|Location||1001 Railroad Avenue|
Santa Clara, California
|Owned by||Peninsula Corridor Joint Powers Board|
|Platforms||1 side platform, 1 island platform|
|Connections||VTA Bus: 21, 22, 53, 59, 60, 522|
|Bicycle facilities||Lockers available|
|Original company||Southern Pacific|
|Feb 2018||1,097 (weekday average) 6.1%(Caltrain)|
|2018||56,127 (annual) 24.4%(Amtrak)|
|Rank||37th in California (Amtrak)|
Santa Clara Depot
|Location||Santa Clara, California|
|NRHP reference No.||85000359|
|Added to NRHP||February 28, 1985|
The Santa Clara Depot is one of two heavy railway stations in Santa Clara, California (the other being Great America Station further to the north). It is served by Caltrain from San Francisco, and is also served by the Altamont Corridor Express (ACE) from Stockton (although this service was previously suspended from 2005 until 2012 due to track construction in the area).This station is the planned terminal for the Silicon Valley BART extension into Santa Clara County and will be preceded by Diridon/Arena BART station with direct service to San Francisco/Daly City and Richmond.
The Santa Clara station has a side platform serving the southbound Caltrain track (Track 3) and an island platform for the northbound Caltrain track (Track 2) and the ACE/Amtrak track (Track 1). The island platform is connected to the side platform by a pedestrian tunnel that was completed in 2012. Additional tracks northeast of Track 1 are used by Union Pacific freight trains.
The platforms were rebuilt in 2012 to eliminate the hold out rule (where only one train could enter the station at a time) and permit ACE and Amtrak Capitol Corridor trains to stop at the station.
The Santa Clara Depot, built by the San Francisco and San Jose Railroad in late 1863, was the oldest continuously operating railroad depot in the State of California until the ticket office was closed in May 1997.
The original 24-by-50-foot (7.3 m × 15.2 m) board and batten depot was one of the two "way stations" built between San Francisco and San Jose. Plans for a railroad linking San Francisco and San Jose began as early as 1851. Though the 1851 scheme ultimately failed, the incorporation of the San Francisco and San Jose Railroad in 1859 met with success. Most of the financing for the project came from county government in San Francisco, San Mateo and Santa Clara counties, with the University of Santa Clara and local industry also playing a significant role in both stock acquisition and choice of placement of the depot in Santa Clara.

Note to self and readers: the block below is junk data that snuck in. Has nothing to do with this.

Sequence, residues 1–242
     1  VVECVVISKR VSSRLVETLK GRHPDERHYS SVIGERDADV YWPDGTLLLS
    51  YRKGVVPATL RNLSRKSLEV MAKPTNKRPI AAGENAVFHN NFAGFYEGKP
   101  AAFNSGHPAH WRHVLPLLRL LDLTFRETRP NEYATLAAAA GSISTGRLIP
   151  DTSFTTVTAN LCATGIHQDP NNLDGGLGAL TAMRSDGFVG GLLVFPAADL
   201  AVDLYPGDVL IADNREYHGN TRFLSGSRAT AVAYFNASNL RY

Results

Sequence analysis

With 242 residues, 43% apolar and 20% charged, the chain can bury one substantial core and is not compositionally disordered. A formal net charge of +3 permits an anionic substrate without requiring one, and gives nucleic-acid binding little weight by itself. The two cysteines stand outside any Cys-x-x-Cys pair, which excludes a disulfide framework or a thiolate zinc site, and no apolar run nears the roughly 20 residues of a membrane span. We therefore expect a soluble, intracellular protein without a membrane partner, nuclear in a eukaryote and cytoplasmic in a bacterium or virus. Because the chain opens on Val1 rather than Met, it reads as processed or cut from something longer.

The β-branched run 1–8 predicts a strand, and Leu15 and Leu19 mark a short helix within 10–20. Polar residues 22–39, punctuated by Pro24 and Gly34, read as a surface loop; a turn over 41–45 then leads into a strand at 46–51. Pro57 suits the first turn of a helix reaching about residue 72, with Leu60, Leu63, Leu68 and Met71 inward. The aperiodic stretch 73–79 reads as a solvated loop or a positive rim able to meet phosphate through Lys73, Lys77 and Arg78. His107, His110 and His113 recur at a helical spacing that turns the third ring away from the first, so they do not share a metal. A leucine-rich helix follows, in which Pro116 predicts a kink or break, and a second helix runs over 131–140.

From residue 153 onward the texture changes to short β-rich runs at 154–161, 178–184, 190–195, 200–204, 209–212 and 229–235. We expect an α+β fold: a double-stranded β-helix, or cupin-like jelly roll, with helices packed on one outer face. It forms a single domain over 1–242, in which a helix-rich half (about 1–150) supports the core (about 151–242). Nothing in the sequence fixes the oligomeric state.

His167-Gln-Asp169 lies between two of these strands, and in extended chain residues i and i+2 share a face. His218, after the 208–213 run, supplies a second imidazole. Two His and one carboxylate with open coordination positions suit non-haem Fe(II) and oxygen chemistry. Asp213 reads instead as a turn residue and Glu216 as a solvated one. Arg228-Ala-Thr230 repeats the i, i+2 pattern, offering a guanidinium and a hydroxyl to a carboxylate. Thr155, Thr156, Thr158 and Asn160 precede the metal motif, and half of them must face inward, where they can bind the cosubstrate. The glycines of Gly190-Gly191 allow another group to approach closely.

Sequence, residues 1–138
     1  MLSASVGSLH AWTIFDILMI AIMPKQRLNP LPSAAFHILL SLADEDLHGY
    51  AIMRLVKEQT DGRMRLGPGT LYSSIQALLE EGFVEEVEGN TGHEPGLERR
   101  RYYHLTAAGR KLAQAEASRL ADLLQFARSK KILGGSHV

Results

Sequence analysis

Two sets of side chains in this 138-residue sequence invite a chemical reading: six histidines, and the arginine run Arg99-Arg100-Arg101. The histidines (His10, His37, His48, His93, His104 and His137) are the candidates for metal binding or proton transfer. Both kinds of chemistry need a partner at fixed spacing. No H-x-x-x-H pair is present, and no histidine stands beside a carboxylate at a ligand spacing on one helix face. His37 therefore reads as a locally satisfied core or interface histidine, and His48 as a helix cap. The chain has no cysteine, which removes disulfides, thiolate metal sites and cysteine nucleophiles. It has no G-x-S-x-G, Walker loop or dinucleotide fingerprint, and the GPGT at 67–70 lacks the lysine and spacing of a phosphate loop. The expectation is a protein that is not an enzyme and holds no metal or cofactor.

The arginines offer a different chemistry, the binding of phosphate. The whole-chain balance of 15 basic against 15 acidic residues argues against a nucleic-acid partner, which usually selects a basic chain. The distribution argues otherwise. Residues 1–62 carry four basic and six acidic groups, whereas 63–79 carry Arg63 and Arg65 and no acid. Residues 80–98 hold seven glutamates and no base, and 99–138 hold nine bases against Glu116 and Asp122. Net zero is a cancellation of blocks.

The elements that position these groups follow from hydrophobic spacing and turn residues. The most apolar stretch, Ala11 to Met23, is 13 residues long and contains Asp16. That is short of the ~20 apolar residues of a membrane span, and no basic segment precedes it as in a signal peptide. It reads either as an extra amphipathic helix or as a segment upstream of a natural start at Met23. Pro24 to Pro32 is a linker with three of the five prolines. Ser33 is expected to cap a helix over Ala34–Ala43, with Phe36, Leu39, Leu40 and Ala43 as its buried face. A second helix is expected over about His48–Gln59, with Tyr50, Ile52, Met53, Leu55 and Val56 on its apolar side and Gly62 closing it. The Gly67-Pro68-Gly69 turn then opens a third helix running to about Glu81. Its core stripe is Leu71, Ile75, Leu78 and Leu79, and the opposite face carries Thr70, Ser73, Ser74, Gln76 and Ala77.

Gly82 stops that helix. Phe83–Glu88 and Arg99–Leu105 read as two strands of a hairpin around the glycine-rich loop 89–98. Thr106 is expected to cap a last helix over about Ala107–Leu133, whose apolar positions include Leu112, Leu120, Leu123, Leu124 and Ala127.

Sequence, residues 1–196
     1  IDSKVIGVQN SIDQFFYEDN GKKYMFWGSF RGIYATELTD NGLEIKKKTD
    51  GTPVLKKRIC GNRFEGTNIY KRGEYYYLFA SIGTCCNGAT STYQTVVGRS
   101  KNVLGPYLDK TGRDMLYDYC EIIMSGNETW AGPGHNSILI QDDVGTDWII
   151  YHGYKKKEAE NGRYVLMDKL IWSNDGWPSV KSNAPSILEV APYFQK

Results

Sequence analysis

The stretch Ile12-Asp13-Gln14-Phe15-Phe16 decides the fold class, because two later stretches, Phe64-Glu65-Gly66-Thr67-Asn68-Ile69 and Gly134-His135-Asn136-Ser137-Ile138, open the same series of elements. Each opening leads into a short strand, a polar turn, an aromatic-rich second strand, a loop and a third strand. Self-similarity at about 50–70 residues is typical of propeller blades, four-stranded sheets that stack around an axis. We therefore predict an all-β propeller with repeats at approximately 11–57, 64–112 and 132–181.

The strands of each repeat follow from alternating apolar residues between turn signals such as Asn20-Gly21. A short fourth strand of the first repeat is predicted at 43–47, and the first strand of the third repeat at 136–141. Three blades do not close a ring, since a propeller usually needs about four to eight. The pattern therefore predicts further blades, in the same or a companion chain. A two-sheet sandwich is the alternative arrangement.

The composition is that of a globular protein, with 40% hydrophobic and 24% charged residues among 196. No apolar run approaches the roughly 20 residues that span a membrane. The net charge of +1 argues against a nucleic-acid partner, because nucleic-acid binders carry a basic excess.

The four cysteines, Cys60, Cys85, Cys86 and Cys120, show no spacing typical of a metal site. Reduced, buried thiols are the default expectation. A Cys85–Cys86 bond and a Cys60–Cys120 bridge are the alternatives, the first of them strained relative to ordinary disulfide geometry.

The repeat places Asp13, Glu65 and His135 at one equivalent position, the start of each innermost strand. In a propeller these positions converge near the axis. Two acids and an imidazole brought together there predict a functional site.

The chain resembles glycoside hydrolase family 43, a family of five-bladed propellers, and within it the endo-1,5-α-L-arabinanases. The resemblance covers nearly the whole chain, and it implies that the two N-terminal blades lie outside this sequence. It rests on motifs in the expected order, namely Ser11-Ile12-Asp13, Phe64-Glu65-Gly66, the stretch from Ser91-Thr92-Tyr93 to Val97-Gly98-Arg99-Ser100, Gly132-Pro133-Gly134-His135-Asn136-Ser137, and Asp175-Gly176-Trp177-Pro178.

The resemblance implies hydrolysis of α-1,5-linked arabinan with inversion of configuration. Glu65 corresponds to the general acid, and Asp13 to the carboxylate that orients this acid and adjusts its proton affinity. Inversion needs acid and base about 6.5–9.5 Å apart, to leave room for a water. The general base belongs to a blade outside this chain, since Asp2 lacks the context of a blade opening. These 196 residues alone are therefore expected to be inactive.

The first passenger service to San Francisco started in January 1864. The Southern Pacific Railroad acquired the San Francisco & San Jose Railroad in 1868. The depot, originally on the east side of the tracks, was moved to its present location in 1877 and attached to the existing 32-by-50-foot (9.8 m × 15.2 m) freight house constructed several years earlier. Because of the large volume of agricultural freight shipped from the depot, the freight house was increased in size at that time to its present dimensions of 32 by 160 feet (9.8 m × 48.8 m).
On November 1, 1877, the San Jose Mercury reported the facility nearing completion. Following construction of the railroad, farming and fruit-related industries developed in the Santa Clara area, with the depot serving as a focal point for shipping. Rail service provided the direct link to San Francisco and, in the later 1870s, to Southern California. Typical of these efforts were those of James A. Dawson, who pioneered the area's fruit-canning industry in 1871. By the turn of the century, the Pratt-Low Preserving Company, the largest fruit packing plant in central California, was located just south of the depot.
The California Department of Transportation acquired the depot from Southern Pacific in 1980. It was placed in the National Register of Historic Places in 1985. In cooperation with the South Bay Historical Railroad Society, a nonprofit group founded the same year, they began renovation work in 1986 on the depot, by then badly in need of repair. A group of volunteers spent over 25,000 hours hauling away debris, replacing support timbers, siding, exterior decking and interior flooring, scraping peeling paint, painting and many other repairs. With the major renovation complete since 1992, this 156-year-old building hosts a railroad library and museum with 2 large model railroad layouts and many other artifacts while still serving its original function as a passenger depot.
The station is an intermodal transportation center, with Caltrain and Altamont Corridor Express train service and bus service operated by the Santa Clara Valley Transportation Authority (VTA). Bus service is extensive and includes limited-stop and, since July 2005, the VTA's brand of bus rapid transit.
The station is also served by a free shuttle going to the San Jose International Airport, the SJC Airport Flyer (Route 10), jointly operated by the VTA and the airport.
Amtrak Capitol Corridor trains began stopping at the station on May 21, 2012, giving Caltrain a second direct connection to Amtrak.
|Mainline tracks||■ Coast Starlight||No stops|
|■ Caltrain: Baby Bullet||No stops|